Many times, officers will wait until they have met this burden of proof before initiating a traffic stop. For example, an officer may witness a vehicle making a lane change without signaling. Through his training and experience, the officer knows this is a violation of the law.

Based on his observation, there is probable cause a violation has been committed. The officer has the authority to make a traffic stop and issue a citation. Probable cause, however, is a much higher burden than what is needed to stop a person (or vehicle).

To make a stop, an officer only needs what is called “reasonable suspicion.” The officer only needs to prove a reasonable person would believe a crime has been, is currently being or is about to be committed.

An officer must have reasonable and articulable suspicion of the above circumstances to temporarily detain any person. This applies to traffic stops and pedestrian stops. It is a very low burden, however, it is all which is needed to initiate an investigation. Every case is unique and the amount of evidence needed always depends on the totality of the circumstances.

Finally, at the very bottom of the burden of proof totem pole is what an officer needs to stop a vehicle he believes to be overweight. This is called “reason to believe.”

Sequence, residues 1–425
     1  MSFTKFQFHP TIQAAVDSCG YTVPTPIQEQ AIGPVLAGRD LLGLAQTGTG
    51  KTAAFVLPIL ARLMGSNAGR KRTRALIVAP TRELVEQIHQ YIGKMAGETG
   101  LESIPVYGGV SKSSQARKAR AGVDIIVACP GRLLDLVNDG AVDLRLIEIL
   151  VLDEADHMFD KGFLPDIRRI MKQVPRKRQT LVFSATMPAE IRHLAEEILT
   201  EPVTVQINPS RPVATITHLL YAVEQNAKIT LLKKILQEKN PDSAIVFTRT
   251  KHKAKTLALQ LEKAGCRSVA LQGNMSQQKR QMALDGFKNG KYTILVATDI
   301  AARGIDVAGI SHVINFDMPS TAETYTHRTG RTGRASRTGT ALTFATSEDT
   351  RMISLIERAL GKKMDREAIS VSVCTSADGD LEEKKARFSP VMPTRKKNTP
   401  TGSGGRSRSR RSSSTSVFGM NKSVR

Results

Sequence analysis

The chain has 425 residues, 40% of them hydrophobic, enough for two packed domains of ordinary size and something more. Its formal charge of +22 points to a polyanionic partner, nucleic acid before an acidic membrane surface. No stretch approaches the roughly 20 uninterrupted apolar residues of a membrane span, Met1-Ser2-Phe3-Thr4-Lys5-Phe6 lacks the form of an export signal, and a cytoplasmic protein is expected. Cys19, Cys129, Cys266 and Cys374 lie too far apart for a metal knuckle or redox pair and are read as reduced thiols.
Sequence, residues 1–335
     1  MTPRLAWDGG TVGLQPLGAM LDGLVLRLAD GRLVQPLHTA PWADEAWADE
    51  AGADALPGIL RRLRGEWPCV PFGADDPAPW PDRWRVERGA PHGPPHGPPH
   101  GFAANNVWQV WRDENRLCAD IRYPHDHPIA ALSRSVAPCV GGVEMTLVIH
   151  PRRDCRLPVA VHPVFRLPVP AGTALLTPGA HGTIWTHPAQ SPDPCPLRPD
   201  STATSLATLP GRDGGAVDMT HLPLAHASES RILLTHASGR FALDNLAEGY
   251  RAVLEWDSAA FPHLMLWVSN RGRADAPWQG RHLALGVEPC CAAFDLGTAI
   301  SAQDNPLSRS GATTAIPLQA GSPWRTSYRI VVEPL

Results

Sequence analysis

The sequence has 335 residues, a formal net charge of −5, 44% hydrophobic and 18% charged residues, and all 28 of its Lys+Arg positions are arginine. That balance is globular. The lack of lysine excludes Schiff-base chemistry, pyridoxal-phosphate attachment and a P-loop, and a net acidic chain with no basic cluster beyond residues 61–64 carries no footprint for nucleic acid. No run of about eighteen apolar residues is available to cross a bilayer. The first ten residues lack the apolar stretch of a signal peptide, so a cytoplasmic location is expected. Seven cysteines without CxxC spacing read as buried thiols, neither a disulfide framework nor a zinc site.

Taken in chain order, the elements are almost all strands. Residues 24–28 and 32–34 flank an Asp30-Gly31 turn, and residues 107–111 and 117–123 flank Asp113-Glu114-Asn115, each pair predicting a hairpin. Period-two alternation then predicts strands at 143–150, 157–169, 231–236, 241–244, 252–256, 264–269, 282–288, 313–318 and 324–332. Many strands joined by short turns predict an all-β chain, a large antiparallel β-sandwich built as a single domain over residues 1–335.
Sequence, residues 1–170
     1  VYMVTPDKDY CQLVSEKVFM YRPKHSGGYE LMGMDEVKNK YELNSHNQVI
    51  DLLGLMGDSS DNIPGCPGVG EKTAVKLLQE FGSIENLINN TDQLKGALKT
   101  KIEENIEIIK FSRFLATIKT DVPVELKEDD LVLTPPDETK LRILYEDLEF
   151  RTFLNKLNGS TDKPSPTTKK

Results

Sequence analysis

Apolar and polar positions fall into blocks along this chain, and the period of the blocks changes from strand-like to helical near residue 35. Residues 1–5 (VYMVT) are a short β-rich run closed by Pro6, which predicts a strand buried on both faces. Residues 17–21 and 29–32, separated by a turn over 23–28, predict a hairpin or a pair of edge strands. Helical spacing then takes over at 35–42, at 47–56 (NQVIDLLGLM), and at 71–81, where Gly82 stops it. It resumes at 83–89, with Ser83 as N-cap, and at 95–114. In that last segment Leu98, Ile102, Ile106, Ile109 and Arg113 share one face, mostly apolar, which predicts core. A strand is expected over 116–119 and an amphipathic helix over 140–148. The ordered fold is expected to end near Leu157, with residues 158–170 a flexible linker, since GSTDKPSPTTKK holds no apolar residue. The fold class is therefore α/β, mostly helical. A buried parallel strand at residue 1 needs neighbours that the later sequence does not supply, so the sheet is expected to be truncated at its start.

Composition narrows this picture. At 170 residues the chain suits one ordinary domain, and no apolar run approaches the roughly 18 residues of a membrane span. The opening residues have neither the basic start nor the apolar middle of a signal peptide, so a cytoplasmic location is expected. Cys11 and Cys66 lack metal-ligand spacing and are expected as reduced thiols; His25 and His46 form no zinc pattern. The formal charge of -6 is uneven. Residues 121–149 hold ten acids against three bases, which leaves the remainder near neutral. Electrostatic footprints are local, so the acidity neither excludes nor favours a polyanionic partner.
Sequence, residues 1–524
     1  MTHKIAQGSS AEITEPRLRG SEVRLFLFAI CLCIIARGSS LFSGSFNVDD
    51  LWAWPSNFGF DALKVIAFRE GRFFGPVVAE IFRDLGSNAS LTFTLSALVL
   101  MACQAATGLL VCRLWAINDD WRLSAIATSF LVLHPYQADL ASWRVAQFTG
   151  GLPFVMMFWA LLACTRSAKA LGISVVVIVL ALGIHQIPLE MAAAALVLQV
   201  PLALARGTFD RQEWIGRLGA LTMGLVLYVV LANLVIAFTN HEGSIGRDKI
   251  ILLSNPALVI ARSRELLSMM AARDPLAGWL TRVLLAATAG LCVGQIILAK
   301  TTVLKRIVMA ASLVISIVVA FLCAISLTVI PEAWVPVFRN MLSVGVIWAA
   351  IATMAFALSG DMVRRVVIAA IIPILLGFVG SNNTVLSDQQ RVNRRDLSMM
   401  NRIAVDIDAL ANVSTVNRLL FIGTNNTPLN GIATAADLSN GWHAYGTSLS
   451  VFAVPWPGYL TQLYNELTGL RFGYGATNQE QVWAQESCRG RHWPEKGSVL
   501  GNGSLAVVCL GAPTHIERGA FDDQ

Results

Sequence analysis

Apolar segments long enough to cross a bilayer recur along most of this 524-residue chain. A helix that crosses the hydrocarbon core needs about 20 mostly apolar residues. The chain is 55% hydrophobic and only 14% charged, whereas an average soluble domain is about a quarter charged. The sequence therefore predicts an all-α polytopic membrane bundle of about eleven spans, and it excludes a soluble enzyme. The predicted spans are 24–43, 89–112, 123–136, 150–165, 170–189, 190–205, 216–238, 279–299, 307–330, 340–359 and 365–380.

It sounds like “reasonable suspicion”, but is far from it! Reason to believe is spelled out in 625 ILCS 5/15-112 and is only applicable to an officer investigating an overweight violation. The officer must be able to explain why he believed the vehicle was overweight.

This articulation can be based on a variety of things. The longer an officer is active in overweight vehicle enforcement and the more experience he obtains, the more reasons the officer will be able to explain as to why he thought the vehicle was overweight.
While “reason to believe” is enough to stop a truck to initiative a weight investigation, more evidence will be needed to rise to the level of probable cause to issue a citation.

With such a low burden of proof being needed, there is a potential for statutory abuse. ITEA certified officers understand this high responsibility. The criminal justice system and the trucking industry rely on officers using their police powers in lawful ways to protect those traveling on the roads.

The court system is a confusing labyrinth of rules, statutes and overzealous individuals who are quick to point a finger of fault. Officers do their absolute best to navigate through that labyrinth with honor and integrity while protecting those who they have been sworn to serve.